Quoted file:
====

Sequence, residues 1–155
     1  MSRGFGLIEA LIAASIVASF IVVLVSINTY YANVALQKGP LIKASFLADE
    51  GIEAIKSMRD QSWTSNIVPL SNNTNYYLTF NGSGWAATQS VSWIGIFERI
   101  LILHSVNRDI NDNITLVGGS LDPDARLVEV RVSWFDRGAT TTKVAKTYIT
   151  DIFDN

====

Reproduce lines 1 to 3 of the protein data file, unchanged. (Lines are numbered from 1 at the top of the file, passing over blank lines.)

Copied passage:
Sequence, residues 1–155
     1  MSRGFGLIEA LIAASIVASF IVVLVSINTY YANVALQKGP LIKASFLADE
    51  GIEAIKSMRD QSWTSNIVPL SNNTNYYLTF NGSGWAATQS VSWIGIFERI